Prairie Spiderwort

Purple prairie spiderwort flowers bloom amidst long, slender leaves, capturing the sunlight's golden embrace. The blurred background reveals a lush green tapestry, a serene canvas for the floral display.
With vibrant triangular purple flowers, prairie spiderwort prefers rich, moist soil for optimal growth.
botanical-name
botanical name


Tradescantia occidentalis
sun-requirements
sun requirements


Full sun to partial shade
height
height


1’-2’
hardiness-zones
hardiness zones


4-9

Prairie Spiderwort is a relative of the common houseplant Zebrina with similar flowers, though they are larger and more vigorous. Pretty, triangular, purple flowers bloom throughout the summer atop mounds of slender, grass-like leaves.

The flowers last only one day but are abundant, so the plant is nearly always in bloom during its season. This plant works in spaces that have full sun but will be happiest and bloom best when given at least partial shade. Blooming may be less robust in full shade, however. Rich, moist soil is perfect for this woodland understory plant. 

Astilbe

Sunlight bathes a cluster of tall, feathery purple astilbe flowers surrounded by lush green leaves. The delicate petals stand out, forming an elegant contrast against the lush foliage. Nature's beauty is captured in a harmonious blend of color and light.
Perfect for shade gardens, astilbe boasts fernlike foliage and stunning panicles of small flowers.
botanical-name
botanical name


Astilbe
sun-requirements
sun requirements


Partial to full shade
height
height


up to 4’
hardiness-zones
hardiness zones


4-8

Astilbe might just be the perfect shade garden wildflower. The foliage is fern-like, sturdy, and sometimes marbled or variegated. Some varieties survive in full sun conditions but only in cooler climates. Other varieties prefer partial to full shade conditions and rich, moist, well-drained soil. Mulching around these and other moisture-loving plants holds moisture in the soil more effectively.

In mid to late summer, when other flowering plants are nearing the end of their blooming period, astilbe steals the show with its spectacular panicles of hundreds of small flowers. Some types have a weeping habit to their blooms, while others stand up straight, resembling torches. These flowers are excellent for cutting, and they dry beautifully. 

Ground Orchid

Purple ground orchids bloom delicately, their petals capturing the sunlight with rich hues. Surrounding them, tall, verdant leaves stretch gracefully, offering a verdant backdrop that complements the vivid blossoms' beauty in this botanical portrait.
Ideal for shadier spots, bletilla thrives in rich, moist soil with partial shade.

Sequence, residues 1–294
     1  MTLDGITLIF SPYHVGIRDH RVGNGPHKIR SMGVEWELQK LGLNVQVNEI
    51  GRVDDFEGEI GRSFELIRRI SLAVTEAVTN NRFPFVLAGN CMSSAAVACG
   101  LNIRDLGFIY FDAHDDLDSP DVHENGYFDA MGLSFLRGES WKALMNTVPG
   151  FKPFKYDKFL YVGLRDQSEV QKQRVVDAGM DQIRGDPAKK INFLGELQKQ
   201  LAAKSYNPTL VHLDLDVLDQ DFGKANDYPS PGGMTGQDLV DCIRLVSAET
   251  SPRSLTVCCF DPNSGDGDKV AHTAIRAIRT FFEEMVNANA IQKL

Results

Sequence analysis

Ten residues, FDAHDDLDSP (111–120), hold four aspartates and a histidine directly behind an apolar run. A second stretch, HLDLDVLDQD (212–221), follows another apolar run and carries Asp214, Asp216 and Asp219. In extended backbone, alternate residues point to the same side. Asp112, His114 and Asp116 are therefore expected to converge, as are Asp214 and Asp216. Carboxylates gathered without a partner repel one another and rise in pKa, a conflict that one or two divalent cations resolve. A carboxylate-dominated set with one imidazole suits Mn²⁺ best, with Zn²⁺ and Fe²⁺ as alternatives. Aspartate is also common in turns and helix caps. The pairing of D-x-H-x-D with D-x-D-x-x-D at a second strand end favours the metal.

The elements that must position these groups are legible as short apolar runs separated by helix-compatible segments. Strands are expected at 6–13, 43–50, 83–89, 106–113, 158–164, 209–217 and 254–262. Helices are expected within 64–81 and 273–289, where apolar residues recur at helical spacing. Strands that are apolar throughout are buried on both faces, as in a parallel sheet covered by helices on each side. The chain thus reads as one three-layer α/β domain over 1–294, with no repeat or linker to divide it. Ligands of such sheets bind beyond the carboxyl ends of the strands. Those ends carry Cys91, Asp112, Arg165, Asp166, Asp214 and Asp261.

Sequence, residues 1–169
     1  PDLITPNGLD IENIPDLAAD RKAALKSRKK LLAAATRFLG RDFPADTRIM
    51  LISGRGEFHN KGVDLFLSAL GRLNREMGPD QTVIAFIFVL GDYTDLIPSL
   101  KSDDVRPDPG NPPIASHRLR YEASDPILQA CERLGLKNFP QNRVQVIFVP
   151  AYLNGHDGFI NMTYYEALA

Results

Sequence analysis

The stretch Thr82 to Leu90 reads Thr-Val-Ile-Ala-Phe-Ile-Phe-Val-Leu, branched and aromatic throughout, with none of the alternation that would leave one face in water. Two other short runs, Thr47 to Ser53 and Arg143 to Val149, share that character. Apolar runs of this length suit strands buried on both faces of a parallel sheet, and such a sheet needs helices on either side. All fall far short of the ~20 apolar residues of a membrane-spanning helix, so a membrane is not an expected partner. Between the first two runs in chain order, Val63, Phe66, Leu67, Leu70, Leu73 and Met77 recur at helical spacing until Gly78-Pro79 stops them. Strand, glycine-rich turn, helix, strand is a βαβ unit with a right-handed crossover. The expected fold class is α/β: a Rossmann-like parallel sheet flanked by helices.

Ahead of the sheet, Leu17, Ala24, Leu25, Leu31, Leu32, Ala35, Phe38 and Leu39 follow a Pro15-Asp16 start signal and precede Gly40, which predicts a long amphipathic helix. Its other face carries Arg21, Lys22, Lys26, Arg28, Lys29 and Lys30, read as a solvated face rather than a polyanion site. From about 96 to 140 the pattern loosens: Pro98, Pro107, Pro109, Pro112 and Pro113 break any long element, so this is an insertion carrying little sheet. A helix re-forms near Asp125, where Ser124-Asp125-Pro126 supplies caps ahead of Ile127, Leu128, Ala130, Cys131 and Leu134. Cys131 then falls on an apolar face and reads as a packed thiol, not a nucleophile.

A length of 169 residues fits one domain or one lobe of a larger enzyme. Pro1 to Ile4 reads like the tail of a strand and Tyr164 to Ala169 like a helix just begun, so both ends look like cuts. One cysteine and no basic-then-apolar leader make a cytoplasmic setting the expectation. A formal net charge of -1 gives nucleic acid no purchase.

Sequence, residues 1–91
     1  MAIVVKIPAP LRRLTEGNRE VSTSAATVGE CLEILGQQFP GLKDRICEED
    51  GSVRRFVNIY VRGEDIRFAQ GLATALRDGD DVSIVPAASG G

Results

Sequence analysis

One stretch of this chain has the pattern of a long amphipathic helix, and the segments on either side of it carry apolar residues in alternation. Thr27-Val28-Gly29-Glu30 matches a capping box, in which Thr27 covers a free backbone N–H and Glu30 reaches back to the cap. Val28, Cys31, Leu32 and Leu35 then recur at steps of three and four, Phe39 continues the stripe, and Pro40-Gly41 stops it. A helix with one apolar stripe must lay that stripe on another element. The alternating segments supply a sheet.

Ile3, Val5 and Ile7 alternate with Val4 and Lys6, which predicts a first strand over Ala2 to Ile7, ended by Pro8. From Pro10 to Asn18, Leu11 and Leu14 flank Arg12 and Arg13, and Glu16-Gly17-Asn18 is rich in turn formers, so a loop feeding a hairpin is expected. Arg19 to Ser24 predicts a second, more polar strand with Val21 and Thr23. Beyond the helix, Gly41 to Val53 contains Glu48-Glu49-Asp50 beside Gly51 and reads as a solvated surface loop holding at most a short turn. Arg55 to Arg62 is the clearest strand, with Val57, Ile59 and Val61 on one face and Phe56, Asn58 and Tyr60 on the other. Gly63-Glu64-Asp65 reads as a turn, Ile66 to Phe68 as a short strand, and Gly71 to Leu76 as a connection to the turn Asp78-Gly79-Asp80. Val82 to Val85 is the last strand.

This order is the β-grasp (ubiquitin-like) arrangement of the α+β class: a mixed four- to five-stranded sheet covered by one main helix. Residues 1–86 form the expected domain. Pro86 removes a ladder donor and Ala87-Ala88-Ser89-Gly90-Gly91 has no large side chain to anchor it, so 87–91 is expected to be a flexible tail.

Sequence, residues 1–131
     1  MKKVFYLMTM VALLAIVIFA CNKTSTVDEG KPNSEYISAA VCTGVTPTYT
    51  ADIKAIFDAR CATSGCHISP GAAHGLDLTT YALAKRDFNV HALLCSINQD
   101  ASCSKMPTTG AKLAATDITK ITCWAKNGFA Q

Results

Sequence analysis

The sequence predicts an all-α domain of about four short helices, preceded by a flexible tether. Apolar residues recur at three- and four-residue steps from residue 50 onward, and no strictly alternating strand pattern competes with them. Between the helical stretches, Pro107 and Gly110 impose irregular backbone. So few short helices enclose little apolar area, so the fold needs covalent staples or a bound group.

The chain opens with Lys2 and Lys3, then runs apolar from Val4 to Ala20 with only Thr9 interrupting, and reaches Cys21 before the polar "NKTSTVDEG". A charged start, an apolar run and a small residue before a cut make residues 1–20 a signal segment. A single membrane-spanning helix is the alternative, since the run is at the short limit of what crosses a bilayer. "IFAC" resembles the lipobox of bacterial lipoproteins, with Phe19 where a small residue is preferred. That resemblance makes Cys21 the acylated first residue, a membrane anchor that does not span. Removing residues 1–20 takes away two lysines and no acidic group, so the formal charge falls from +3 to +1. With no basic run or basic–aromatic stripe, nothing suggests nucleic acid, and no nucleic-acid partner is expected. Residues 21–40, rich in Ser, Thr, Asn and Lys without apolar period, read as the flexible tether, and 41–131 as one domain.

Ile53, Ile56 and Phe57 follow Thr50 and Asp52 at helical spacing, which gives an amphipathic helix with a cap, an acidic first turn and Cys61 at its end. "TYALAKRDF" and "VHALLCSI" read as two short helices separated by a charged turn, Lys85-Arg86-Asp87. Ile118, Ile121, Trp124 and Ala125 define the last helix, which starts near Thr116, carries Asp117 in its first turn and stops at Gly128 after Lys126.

botanical-name
botanical name


Bletilla
sun-requirements
sun requirements


Full sun to partial shade
height
height


1’-2’
hardiness-zones
hardiness zones


6-9

This member of the orchid family is a wonderful wildflower for the shaded spots in your garden. It spreads by underground rhizomes and naturalizes under ideal conditions. While most orchids are epiphytes, Bletilla are terrestrial plants, and the roots are cold-hardy. Their spreading habit is slow, so there is little concern about crowding out other plants.

The foliage is bright green, pleated, and grass-like. The flowers are borne on tall stems in groups of 5-10 blooms. They resemble those of the Cattleya orchid and bloom in mid-summer for about six weeks, although my ground orchid retains its flowers for up to three months as a potted plant. Rich, moist soil and bright indirect light or partial shade are best for this orchid. 

Wood Anemone

Wood anemone flowers display delicate white petals surrounding yellow centers. Their slender brown stems provide sturdy yet flexible support, showcasing a graceful elegance. In the backdrop, a soft blur reveals a tapestry of lush leaves and blooming white flowers.
This is a low-maintenance woodland perennial native to eastern North America.
botanical-name
botanical name


Anemone
sun-requirements
sun requirements


Full sun to partial shade
height
height


6”-10”
hardiness-zones
hardiness zones


5-8

This low-growing woodland perennial is native to the eastern half of North America and spreads by rhizome, forming a lovely colony over time. It tolerates full sun to partial shade areas and likes moist, fertile soil with an acidic pH. This is a plant-it-and-forget-it type of plant as long as you get enough rain and the soil stays moist. It’s very low maintenance. 

There are a wide variety of different flower colors and petal forms among this group of shade-loving plants. The foliage is finely cut and highly ornamental, and the flowers appear on short stems in mid-spring. While they are shade plants, the flowers open only on sunny days and remain closed on cloudy or rainy days.

Wishbone Flower

Wishbone flowers present a striking display, boasting rich purple petals highlighted by deep, contrasting edges. The exquisite blooms are complemented by lush, verdant green leaves, creating a harmonious and visually captivating composition.